Avacta Life Sciences recently invested £10 million in launching Affimers, an engineered protein alternative to antibodies, which have potential in a wide range of applications.
To learn about some of the features of Affimers, and how they can be of benefit to researchers, we spoke to Alastair Smith, Chief Executive Officer, Avacta Group plc.
AM: Can you give us a little background about Affimers and how they were developed?
AS: Affimers were developed initially at the MRC Cancer Cell Unit in Cambridge then across two laboratories at the University of Leeds. The technology was then acquired, developed and commercialised by Avacta Group plc, through Avacta Life Sciences Ltd.
Affimers are derived from cystatin proteins and make use of two separate loop sequences, incorporating a total of 12 to 36 random amino acids, to create a large potential target interaction surface. We make large libraries of these that we screen for highly-specific, high affinity binding to target proteins or other molecules.
AM: Antibodies can present a number of challenges to researchers. Can you give some examples of the challenges and the ways that Affimers can help overcome these?
AS: Although antibodies are well established affinity reagents, they have a number of issues for researchers, such as long developmental lead times, being difficult to express, being difficult to engineer, batch reproducibility, rarely being mono-specific, not being able to be generated to some targets (e.g. those that are toxic to the host animal), being limited by the animal’s immune system and a complicated IP landscape.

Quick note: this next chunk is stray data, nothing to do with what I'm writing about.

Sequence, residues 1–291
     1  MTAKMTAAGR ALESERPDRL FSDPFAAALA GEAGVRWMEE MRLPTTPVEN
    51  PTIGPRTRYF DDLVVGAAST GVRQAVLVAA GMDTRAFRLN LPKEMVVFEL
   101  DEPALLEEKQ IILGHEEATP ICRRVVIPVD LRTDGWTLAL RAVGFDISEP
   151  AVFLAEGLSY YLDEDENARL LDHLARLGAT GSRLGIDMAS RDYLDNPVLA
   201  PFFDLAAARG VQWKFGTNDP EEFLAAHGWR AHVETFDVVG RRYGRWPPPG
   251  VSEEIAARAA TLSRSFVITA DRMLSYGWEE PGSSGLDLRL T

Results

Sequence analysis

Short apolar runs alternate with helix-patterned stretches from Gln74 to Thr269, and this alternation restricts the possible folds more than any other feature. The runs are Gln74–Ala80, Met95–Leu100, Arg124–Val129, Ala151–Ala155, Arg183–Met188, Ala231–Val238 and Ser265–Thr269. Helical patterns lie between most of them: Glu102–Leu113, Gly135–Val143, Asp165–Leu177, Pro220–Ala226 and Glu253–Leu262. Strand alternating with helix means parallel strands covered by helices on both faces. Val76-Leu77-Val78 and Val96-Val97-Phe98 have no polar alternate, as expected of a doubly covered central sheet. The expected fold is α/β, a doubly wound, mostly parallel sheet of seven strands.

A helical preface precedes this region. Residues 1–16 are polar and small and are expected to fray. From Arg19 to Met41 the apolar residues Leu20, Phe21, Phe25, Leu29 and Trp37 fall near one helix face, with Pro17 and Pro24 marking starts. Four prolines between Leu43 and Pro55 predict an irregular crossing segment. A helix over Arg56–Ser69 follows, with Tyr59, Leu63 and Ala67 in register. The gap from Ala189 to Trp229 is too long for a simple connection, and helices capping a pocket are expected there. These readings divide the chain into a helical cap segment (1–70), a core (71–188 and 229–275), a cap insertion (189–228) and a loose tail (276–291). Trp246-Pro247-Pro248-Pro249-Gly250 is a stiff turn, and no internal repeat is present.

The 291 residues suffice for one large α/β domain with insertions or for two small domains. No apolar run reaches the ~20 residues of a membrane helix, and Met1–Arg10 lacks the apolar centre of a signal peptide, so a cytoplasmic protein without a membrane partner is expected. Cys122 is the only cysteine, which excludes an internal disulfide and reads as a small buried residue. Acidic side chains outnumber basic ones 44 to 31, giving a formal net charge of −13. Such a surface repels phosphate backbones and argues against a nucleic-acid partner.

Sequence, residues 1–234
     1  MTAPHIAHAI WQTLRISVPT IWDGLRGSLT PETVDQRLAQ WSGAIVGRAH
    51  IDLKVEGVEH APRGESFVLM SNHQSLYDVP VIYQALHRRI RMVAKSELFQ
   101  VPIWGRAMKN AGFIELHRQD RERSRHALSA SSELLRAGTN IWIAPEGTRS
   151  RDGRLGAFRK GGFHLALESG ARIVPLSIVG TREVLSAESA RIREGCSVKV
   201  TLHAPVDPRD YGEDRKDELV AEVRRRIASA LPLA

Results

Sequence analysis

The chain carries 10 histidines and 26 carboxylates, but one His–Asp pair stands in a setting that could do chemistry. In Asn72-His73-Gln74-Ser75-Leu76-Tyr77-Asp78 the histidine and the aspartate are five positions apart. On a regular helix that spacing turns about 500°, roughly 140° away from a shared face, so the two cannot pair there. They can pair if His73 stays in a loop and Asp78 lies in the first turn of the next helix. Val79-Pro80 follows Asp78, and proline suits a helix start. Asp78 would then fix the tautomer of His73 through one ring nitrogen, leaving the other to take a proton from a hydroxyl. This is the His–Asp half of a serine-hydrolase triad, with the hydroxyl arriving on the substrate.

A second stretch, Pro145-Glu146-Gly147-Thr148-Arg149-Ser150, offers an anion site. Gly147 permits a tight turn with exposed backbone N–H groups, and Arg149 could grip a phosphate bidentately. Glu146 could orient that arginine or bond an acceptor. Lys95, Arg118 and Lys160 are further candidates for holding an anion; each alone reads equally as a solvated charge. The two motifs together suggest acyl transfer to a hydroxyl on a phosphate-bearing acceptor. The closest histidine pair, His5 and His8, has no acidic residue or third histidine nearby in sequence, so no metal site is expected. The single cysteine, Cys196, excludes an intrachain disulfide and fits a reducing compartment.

Affimers have been engineered to address these issues. Their key benefits are:
• Quick to develop – custom generated in just 7 weeks, compared to 6 - 12 months for a good antibody of comparable quality
• Specificity can be controlled during the library screen
• Small, robust and stable
• Consistent batch reproducibility
• Easily functionalised
• Not limited by the immune system, generated in vitro
• No use of animals
• Can be lyophilised for shipping and storage
• Straightforward licensing
• Quality guaranteed by rigorous QC
• A direct replacement for antibodies – no process or workflow change required
AM: What are the differences between aptamers and Affimers?
AS: Aptamers are based on nucleic acids such as DNA. They are physically limited to a small range of conformations, internal bonds often need to be broken in order to form bonds with the target, and they are chemically limited in the type of bonds that can be formed with the target. Their highly charged backbone will repel targets with like charge, and they bind non-specifically to the numerous nucleic-acid binding proteins that are naturally present in cells and tissues, making specificity and high background a problem. Also, nucleic acids can be very sensitive to chemicals and some conditions make them vulnerable to degradation and impractical for some samples.